However, like all lives lived for the purpose of self-pleasure it comes crashing down around us at some point. The money runs out. There is a job loss. There is a divorce. There is a financial disaster. There is something. Trouble strikes either through the efforts of others upon us or by the results of our own stupid decisions. The prodigal son loses everything. He finds himself as a hired hand feeding pigs. According to the Law, pigs were unclean animals and could not be eaten. The Jews took the whole clean and unclean animal rules very seriously so for him to find himself slopping pigs was the degradation of all degradations.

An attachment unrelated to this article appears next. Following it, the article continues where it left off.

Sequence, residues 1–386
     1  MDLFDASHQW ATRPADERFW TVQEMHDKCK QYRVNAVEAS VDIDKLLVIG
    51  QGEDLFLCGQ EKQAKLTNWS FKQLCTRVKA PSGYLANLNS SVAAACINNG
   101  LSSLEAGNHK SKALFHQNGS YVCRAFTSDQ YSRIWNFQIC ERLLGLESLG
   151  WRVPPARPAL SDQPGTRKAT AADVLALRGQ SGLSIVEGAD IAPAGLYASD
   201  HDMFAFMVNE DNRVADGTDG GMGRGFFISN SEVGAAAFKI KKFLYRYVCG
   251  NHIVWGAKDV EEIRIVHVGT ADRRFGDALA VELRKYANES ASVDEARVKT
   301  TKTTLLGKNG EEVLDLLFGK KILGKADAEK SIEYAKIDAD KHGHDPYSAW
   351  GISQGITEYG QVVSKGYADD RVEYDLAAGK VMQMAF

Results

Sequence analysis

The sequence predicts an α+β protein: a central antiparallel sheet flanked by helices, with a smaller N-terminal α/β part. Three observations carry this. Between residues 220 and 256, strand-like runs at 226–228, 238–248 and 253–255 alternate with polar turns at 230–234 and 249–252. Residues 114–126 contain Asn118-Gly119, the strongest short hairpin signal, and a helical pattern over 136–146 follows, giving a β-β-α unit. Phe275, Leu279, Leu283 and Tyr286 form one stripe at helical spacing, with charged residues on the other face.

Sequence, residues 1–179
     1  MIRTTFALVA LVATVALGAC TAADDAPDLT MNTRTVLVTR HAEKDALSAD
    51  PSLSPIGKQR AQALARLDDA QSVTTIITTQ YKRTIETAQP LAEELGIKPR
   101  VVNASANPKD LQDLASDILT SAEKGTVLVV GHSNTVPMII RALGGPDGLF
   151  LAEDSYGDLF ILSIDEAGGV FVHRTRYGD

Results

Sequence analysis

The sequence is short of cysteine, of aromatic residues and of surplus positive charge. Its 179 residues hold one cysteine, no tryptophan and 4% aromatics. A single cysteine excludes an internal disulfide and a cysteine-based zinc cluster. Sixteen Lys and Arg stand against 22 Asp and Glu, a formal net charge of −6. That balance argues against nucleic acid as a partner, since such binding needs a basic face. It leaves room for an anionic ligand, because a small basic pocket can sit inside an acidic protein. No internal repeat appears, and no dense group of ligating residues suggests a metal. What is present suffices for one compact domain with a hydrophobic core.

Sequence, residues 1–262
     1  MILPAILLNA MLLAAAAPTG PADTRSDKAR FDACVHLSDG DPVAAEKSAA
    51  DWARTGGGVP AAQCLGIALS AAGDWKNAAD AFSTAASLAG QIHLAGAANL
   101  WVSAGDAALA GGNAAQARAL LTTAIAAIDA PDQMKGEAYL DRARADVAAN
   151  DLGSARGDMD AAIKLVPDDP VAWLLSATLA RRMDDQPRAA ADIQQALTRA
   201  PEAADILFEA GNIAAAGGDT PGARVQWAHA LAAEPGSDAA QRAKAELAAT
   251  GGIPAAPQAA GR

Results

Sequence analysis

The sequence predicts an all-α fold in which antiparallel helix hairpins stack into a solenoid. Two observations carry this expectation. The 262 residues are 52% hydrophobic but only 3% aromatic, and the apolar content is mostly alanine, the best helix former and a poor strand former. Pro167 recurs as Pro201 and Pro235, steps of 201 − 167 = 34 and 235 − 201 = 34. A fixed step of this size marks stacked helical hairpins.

How many times in seeking our own way have we compromised our morals? We rationalize it away as being just this one time and once that line is crossed just one time becomes a lifestyle. Life of every changing lines in the sand becomes our life. What was once wildly unacceptable in our past now becomes things that we rationalize as acceptable now because it meets the needs of the moment. The line in the sand called integrity is so far off in the distance now that it is no longer a line in the distance it is a dot because it is so far off in the distance. We live in the fog of “this is my life now” and “this is how it’s going to be from now on.” Compromised. Valueless. Just existing in the slop that is our lives. There is no joy. It’s just trying to make do with our lives in the situations that we find ourselves. One day though, we wake up and look at the mess that our lives have become with an eye of reality. There has got to be something better than this. I have tried everything. I have tried to find happiness in things, in the pleasures of women, and all the stuff that money can buy. Pleasing myself and pleasing others so I could please myself and what do I have to show for it. A trail of destruction, used up relationships, relationships that have thrown me to the ash heap, and no future.